To do this in Perl, I’m using Paws.  For clarity, I’m skipping error handling and retry logic.

First, we have to create a table in DynamoDB.  My structure is simple, a key string column named job_id and an integer column called taken.

store a record in DynamoDB containing the GUID, and an attribute indicating that the job hasn’t been taken.

use Data::UUID;
use Paws;
use JSON::XS;
# store the job id in DynamoDB
my $job_id = Data::UUID->new->create_str;
my $dynamodb = Paws->service('DynamoDB', region => 'us-west-2');
$dynamodb->PutItem(
   TableName => "sqs_job",
   Item => {
      job_id => {
         S => $job_id,
      },
      taken => {
         N => 0,
      },
   job_result => { S => " " },
});

# send the message
my $sqs = Paws->service('SQS', region => 'us-west-2');
my $queue_name = "my-queue-name";
my $queue_url = $sqs->GetQueueUrl(QueueName => $queue_name)->QueueUrl;
$sqs->SendMessage(MessageBody => encode_json({ job_id => $job_id }), QueueUrl => $queue_url);

In the receiver we use a conditional update expression to set taken=1 if and only if taken=0.  Otherwise, we exit and avoid duplicate processing.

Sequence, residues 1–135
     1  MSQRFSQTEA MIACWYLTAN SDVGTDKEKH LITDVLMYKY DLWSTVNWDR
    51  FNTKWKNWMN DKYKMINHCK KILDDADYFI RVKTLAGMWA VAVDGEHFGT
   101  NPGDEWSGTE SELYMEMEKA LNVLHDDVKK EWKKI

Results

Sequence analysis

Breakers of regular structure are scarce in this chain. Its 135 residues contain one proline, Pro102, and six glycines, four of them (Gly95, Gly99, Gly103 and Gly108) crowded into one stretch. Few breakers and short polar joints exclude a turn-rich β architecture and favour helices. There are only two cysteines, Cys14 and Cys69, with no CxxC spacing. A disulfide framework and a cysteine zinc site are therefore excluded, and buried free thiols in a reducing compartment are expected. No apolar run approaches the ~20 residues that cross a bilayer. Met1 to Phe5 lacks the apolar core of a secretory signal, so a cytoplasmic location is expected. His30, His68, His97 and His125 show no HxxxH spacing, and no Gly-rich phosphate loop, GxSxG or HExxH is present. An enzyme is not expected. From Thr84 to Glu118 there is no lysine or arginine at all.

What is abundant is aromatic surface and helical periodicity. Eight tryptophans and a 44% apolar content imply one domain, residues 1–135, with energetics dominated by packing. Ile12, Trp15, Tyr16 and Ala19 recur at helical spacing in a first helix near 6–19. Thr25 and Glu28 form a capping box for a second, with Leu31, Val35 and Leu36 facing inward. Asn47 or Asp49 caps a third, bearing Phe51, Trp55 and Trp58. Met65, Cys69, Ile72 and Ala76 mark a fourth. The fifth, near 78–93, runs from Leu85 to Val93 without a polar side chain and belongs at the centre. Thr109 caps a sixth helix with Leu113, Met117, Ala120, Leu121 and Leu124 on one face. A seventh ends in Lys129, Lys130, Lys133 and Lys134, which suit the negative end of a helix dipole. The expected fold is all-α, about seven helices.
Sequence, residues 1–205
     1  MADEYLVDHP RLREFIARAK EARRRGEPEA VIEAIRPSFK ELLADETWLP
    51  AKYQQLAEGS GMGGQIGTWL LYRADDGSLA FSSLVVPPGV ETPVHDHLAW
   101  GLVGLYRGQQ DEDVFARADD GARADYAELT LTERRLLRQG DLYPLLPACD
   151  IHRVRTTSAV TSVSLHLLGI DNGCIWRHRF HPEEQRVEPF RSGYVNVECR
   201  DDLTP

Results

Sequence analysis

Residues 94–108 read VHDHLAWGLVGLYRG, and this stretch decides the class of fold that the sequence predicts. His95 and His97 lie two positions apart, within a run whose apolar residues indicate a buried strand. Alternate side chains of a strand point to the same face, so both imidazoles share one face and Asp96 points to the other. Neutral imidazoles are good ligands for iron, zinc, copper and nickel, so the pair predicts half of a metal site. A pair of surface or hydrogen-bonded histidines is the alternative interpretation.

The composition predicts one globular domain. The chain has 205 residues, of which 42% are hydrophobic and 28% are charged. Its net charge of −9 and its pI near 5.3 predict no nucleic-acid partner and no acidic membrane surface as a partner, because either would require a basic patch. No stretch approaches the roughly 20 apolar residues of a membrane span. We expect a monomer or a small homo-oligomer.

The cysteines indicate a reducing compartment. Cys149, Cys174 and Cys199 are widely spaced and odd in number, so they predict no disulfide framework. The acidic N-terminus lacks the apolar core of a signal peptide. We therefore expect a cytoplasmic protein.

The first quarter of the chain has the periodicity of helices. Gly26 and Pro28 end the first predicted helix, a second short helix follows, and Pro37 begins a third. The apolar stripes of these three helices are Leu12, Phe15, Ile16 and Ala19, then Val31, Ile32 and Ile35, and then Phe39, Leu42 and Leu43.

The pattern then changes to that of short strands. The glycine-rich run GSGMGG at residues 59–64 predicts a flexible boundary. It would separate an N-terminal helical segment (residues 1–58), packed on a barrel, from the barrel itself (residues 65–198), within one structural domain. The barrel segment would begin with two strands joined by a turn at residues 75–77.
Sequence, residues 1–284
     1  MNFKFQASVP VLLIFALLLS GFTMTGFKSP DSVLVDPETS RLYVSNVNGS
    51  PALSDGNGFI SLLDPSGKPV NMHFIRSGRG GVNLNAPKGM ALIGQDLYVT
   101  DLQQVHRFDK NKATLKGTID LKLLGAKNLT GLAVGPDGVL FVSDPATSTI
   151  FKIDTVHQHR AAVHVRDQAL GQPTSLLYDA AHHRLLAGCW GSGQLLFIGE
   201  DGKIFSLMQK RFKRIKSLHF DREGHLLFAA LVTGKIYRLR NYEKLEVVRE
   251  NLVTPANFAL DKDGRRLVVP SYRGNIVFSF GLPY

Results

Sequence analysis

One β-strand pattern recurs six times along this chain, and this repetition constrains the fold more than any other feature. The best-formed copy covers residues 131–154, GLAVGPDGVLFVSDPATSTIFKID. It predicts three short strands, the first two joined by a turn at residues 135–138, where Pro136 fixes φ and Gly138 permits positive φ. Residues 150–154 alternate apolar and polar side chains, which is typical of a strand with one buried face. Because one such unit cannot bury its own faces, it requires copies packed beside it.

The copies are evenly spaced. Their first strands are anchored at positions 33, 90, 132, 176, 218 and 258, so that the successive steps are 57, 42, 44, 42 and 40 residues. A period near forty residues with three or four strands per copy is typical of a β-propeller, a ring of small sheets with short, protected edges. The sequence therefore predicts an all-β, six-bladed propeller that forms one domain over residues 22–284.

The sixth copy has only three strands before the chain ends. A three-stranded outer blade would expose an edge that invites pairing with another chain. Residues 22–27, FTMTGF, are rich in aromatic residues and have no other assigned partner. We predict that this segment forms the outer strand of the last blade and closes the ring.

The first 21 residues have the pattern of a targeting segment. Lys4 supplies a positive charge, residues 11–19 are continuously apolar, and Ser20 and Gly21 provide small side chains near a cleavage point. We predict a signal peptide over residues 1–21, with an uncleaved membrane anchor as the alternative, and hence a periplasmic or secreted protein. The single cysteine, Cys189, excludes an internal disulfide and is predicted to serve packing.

my $recv = $sqs->ReceiveMessage(QueueUrl => $queue_url, MaxNumberOfMessages => 1, WaitTimeSeconds => $timeout);
foreach my $raw_message (@{$recv->Messages}) {
   my $message = decode_json($raw_message->{Body});
# ensure that SQS doesn't resend it by deleting it
   $sqs->DeleteMessage(QueueUrl => $queue_url, ReceiptHandle =>  $raw_message->{ReceiptHandle});
   # get the job_id from the payload (this could be done with a message attribute instead)
   my $job_id = $message->{job_id};
   eval {
      my $res = Screencap::DynamoDB->Get->UpdateItem(
         TableName => "sqs_job",
         Key => {
            job_id => {
               S => $job_id,
            },
         },
         ConditionExpression => "taken = :zero", # only update if taken=0
         UpdateExpression => "SET taken = :one", # set taken=1
         ExpressionAttributeValues => {
            ":zero" => {
               N => 0,
            },
            ":one" => {
               N => 1,
            },
         },
      );
   }
   if ($@ =~ /^The conditional request failed/) { # this is the error message when a conditional expression fails, if it does we skip processing because we've already handled it
      next;
   }
   # handle the message
}

And that’s it.  You’ll want to add a lot of different error handling for this to be very reliable, though.

CPAN PR Challenge – Text::BibTex

This month I ended up with Text::BibTex.  Conveniently, this distro came with an actual bug that needed fixing.

This, however, was not a Perl problem at all but rather a C problem.  The module was causing an actual crash with this stack trace: